Super Size Me — A Review. Of Sorts.

Super-Size-MeI know I’m probably the last person in the civilized world to see this movie, but when it came out, I scoffed.  I knew McDonalds was horrible for the health of anyone who eats it more than once a month, but I loved my occasional Quarter Pounder with fries (never super sized, I might add), and I didn’t figure seeing the movie was going to change my mind.  And at the time, I don’t think it would have.  In fact, last night as I was watching with my husband, I said, “This is really making me crave some Micky D’s.”  And it did.

I broke down and saw the movie because after reading Kelly’s review, I want to see Fat Head, and since that’s a rebuttal to Super Size Me, I figured I ought to see Super Size Me first.

While it was certainly entertaining, the movie didn’t share anything particularly new or surprising.  I thought it was a pointless experiment, actually.  We all know fast food is nasty, and who actually eats it exclusively?  The doctors who were shocked that he was destroying his liver were amusing.  I mean, REALLY?  That was SURPRISING?  I will say that the fact that he started to show signs of addiction was interesting, although even that was not particularly surprising.

Even though I haven’t had fast food since I started my “whole foods initiative” a few months ago, I can’t say that I never will again.  It’s not totally unappealing to me; rather, when I drive by those famous golden arches, I often consider it briefly and then think to myself that I don’t really want it right now.  Some day I might, and if I do, I may go ahead and treat myself.  Hopefully it won’t taste as good as I remember, but I can’t say that watching the movie turned me off of McDonalds forever.  That’s not the part that got to me.

I’ll tell you what really got to me — the scenes in the high school cafeteria.

That segment made me want to cry, scream, and bang my fists against a brick wall.  And perhaps even consider homeschooling — not that that’s a horrifying thought; it’s just not something that I’ve felt called to do.  Not yet, anyway.

But last night, as I watched those scenes of kids making lunches out of Ho Hos and Ding Dongs and potato chips, and the teachers pontificating about teaching them to make wise choices when there wasn’t a decent choice to be had in the entire place — the supposedly better choices were reheated, reconstituted packaged foods, undoubtedly full of sodium and sugars and fake vegetable oils — and then to see those lunches contrasted against the lunches at the school in Appleton, Wisconsin that were made with real, fresh ingredients, and they don’t even cost any more.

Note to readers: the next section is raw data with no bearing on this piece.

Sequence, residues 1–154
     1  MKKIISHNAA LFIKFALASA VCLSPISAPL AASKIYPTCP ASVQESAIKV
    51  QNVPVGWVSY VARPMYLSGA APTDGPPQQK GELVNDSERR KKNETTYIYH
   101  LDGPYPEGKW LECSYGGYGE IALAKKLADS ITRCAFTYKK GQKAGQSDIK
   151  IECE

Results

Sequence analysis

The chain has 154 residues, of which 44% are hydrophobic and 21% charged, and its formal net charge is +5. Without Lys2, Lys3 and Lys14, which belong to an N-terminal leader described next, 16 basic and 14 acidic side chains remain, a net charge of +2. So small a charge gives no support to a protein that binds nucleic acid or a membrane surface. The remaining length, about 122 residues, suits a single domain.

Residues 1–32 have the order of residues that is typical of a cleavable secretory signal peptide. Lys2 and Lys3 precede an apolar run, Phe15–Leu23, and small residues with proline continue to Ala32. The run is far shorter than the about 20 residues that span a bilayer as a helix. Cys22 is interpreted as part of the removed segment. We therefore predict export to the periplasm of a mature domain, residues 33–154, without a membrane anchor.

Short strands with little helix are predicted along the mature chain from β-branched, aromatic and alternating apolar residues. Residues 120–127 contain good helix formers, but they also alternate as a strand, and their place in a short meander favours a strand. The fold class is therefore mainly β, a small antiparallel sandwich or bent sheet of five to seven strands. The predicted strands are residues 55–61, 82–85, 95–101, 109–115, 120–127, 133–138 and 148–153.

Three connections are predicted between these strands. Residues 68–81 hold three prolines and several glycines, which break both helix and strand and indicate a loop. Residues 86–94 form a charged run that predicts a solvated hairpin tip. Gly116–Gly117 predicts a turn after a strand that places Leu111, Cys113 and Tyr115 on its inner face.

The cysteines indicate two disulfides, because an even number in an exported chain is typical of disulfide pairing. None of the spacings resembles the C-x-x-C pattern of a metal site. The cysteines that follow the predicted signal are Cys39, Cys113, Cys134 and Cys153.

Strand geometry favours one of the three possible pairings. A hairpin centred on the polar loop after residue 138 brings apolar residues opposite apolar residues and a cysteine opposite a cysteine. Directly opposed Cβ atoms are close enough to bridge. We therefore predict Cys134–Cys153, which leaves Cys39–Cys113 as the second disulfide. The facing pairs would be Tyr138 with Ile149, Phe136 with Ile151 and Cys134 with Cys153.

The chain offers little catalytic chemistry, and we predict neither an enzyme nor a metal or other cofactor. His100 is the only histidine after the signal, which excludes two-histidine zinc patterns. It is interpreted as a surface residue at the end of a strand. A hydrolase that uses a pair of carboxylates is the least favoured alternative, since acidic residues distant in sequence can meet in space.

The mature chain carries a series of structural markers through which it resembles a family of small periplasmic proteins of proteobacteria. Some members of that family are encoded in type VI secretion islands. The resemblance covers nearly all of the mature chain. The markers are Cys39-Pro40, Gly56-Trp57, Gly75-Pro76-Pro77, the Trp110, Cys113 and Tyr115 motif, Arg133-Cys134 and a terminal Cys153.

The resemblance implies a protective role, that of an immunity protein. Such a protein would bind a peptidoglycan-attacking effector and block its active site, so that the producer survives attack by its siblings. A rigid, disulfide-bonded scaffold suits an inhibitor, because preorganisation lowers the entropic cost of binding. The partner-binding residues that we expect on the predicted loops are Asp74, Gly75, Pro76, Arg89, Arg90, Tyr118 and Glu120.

Did you get that?  Feeding our kids real nourishing food doesn’t cost any more than the slop they are currently served in the vast majority of public schools across the country.**

So why aren’t we doing it?  It seems like a no-brainer, right?  I mean, diet has been linked to all sorts of learning disorders and behavior and health problems.  Why are we feeding our children the same garbage we feed our prisoners?


Not that I’m necessarily in favor of feeding it to our prisoners, but my first concern is most certainly our children.

Of course, my kids are young, and I can pack their lunches, and as far as I know, they are eating the food that I send.  For now.  But I don’t think for a moment that I can send my teenagers to the school cafeteria where soft drinks and cupcakes and potato chips abound, and expect then to happily eat their natural peanut butter on whole wheat and carrot sticks while their friends pig out on junk.

And it’s not just about me.  The way we feed our school children makes them distractable and lethargic and contributes to behavior problems and learning disorders.  It affects the learning environment of our entire culture.  I just don’t understand why improving the food in school cafeterias (and getting rid of soda machines and junk food) isn’t a top priority for every school district in America.

** This is what Morgan Spurlock stated in Super Size Me.  I tried to verify this fact with online research (that is, if the two minutes I spent googling the topic qualifies as research) and came up with nothing.  I have a hard time believing that real food is cheaper than reconstituted precooked food, but if you consider all the factors and the money saved on behavior problems and health and learning issues, real food always comes out ahead.

Sorry to be all Debbie Downer, and on a Monday to boot.  Let me try and end on a positive note.

I am happy to report that the nurse at my children’s elementary school is very concerned about health and nutrition, and there is a Health and Wellness committee forming, which I volunteered for.  I am anxious to see what we can do to help improve the school lunches in our district.  I was also pleased to note at my children’s Back to School night that they are banning sugary sweet treats for classroom celebrations; instead they have a recommended list of healthier alternatives such as goldfish, soft pretzels, fruit pops, apple slices, carrot sticks, etc.  There are plenty of things on the list that I wouldn’t keep in my home, but this isn’t a perfect world, and I’m thrilled to see an effort being made to improve the snacks we bring into the classrooms.

All this to say, if we band together, we can make a difference.  I tend to wring my hands and vent about the situation, but I’m making a concerted effort to try and find ways to get involved and get the tides of change moving.  I’m open to suggestions, if you have them.  Has anyone been involved in a similar endeavor in their own school districts?  I’d love to hear about it.